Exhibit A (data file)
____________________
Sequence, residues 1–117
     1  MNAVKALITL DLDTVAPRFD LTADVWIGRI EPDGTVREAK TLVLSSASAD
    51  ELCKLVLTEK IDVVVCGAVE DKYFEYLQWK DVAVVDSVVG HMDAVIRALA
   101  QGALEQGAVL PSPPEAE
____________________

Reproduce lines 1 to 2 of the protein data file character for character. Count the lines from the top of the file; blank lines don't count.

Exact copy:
Sequence, residues 1–117
     1  MNAVKALITL DLDTVAPRFD LTADVWIGRI EPDGTVREAK TLVLSSASAD